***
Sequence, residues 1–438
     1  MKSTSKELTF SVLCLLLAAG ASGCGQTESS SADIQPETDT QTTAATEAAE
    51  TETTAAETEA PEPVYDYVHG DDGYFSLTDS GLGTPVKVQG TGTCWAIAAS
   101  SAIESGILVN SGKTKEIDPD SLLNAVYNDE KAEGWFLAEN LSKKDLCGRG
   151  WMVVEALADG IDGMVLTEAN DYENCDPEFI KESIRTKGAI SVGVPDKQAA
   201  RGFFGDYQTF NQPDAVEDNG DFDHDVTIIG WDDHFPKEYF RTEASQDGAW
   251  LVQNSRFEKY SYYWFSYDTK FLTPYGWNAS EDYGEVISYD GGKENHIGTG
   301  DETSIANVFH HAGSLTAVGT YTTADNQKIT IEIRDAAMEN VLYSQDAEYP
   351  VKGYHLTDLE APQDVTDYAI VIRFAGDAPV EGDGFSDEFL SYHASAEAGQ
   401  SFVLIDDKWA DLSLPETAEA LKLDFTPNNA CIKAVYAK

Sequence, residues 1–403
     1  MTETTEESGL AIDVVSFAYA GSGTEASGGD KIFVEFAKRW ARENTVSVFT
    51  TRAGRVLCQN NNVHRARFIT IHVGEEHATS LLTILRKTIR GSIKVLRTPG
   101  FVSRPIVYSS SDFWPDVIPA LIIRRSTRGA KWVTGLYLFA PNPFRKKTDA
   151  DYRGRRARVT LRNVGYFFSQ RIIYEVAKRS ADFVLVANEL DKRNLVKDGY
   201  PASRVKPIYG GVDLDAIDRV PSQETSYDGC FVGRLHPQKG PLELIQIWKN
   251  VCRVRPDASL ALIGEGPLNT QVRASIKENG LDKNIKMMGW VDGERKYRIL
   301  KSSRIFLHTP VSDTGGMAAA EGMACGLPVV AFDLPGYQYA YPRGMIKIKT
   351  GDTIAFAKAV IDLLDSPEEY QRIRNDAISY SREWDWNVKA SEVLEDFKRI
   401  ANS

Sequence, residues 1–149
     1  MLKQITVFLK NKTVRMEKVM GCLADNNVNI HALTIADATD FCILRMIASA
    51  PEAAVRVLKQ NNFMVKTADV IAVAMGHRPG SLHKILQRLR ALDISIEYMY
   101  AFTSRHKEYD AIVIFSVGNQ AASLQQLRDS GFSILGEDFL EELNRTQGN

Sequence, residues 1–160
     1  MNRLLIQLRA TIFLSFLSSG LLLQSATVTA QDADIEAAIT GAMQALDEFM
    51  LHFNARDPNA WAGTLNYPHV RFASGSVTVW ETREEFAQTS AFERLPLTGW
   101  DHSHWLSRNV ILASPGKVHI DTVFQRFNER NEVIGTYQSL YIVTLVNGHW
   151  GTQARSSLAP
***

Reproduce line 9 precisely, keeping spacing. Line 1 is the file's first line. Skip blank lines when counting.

   351  VKGYHLTDLE APQDVTDYAI VIRFAGDAPV EGDGFSDEFL SYHASAEAGQ